That dramatic difference has to do with the way car safety systems are designed, at least in older models, according to ABC News. On average, women are shorter and lighter than men, so the likelihood of injury from airbags increases. Other factors, such as differences in seating posture, also increase the likelihood of injury for women.
One-size-fits-all safety systems on older vehicles also play a role. According to ABC News, men are more than three times as likely to be involved in a car crash that leads to serious injury, an indication that car companies design safety systems on a law of averages methodology.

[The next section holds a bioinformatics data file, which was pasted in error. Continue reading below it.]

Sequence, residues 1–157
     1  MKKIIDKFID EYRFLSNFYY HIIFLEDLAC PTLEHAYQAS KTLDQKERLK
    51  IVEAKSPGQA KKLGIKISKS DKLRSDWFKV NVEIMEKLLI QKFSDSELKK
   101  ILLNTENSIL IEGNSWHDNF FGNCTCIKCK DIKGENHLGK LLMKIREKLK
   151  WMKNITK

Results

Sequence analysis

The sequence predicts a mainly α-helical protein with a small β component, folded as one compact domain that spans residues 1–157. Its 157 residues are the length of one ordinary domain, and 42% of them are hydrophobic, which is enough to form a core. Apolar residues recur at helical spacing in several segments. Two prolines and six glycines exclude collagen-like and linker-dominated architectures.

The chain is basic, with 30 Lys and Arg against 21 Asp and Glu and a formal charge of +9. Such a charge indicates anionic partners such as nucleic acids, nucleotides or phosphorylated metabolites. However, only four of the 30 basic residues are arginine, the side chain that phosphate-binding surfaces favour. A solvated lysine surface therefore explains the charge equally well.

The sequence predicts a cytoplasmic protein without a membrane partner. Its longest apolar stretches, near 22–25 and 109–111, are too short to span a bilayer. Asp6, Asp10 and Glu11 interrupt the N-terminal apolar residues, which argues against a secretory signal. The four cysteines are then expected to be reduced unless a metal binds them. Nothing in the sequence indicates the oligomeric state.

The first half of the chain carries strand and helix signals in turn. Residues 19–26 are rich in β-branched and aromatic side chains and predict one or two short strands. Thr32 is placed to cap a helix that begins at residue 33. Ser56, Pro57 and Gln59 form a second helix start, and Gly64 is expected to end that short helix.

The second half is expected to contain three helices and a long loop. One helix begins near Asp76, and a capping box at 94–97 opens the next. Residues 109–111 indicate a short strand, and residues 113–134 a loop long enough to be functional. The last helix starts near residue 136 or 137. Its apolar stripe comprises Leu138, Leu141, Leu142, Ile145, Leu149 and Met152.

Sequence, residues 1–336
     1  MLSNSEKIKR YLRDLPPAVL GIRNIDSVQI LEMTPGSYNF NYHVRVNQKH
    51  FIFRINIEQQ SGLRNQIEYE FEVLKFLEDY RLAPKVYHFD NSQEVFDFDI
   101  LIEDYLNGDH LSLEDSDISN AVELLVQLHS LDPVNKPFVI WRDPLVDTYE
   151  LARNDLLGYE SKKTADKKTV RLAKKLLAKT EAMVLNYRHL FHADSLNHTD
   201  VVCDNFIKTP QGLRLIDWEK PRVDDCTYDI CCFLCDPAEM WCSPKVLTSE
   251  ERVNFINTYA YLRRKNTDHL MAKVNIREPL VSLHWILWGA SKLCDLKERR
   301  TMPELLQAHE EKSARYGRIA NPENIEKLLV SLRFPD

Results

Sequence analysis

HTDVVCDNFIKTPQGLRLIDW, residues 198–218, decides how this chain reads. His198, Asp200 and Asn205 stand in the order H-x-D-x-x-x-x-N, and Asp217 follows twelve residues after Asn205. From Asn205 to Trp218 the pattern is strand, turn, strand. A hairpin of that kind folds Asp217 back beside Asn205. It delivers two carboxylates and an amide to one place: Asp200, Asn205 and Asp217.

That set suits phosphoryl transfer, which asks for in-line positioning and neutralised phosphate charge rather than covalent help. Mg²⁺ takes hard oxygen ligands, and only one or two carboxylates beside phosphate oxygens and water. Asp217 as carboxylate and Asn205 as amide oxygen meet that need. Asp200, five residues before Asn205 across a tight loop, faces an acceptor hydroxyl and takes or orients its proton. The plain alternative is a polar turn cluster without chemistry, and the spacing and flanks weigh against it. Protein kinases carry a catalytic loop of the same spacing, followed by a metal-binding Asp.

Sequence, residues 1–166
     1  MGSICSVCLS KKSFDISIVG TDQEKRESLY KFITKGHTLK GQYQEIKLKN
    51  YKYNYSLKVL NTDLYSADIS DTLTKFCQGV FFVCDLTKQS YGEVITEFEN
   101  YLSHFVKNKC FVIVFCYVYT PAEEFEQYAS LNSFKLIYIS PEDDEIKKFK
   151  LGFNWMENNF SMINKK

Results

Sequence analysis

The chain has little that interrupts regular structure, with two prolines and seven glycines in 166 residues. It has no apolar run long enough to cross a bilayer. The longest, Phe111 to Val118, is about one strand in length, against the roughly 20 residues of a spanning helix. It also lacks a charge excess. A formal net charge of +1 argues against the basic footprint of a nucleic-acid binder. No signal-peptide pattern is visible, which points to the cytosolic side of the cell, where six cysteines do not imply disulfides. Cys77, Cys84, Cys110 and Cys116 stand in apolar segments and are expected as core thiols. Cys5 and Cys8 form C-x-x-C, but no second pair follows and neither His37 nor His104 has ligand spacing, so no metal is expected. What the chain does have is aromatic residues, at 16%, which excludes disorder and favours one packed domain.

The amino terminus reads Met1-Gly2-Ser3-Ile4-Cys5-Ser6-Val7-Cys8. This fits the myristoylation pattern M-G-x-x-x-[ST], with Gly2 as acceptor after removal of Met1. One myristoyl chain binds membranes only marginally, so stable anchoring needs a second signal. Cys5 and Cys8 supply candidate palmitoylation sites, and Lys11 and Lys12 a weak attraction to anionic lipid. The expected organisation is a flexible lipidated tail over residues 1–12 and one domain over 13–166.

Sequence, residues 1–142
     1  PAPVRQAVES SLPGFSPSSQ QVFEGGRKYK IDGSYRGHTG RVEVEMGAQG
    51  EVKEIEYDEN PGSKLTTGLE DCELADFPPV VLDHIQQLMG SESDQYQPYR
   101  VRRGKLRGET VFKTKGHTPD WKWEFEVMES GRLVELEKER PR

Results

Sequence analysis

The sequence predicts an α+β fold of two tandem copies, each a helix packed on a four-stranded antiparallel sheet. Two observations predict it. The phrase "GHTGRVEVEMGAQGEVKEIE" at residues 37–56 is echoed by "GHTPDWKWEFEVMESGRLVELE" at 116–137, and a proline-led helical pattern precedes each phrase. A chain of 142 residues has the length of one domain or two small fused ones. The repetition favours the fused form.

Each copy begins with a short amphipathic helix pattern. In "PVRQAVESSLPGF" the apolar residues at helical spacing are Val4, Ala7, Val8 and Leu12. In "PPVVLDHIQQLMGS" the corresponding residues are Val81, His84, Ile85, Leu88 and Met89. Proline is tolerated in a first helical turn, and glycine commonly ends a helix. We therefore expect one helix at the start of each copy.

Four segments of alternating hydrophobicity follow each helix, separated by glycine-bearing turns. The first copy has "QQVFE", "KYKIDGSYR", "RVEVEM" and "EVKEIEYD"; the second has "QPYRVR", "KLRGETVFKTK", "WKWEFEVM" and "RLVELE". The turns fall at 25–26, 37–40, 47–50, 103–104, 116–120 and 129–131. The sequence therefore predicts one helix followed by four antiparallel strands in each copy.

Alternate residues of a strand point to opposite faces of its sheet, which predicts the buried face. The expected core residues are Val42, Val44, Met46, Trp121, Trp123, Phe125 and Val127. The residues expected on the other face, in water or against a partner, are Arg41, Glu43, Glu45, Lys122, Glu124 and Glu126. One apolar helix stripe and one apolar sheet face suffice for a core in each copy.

The study, however, only involves cars built between 1998 and 2008. These types of injuries for women don’t occur with newer cars, according to Clarence Ditlow of the Center of Auto Safety.
Newer vehicles have dual-depth or dual-stage driver and passenger airbags and weight sensors that change the force of the airbag depending on occupant size, seat belt use and seat placement. These types of airbags became standard on all light-passenger vehicles after the 2007 model year, according to Consumer Guide. “The study would have a lot more value if it were limited to 2000 and later model year vehicles,” Ditlow told ABC News.
Still, if you’re operating vehicle without advanced airbags, it’s important to take into account the heightened risk of injury if you are a female driver.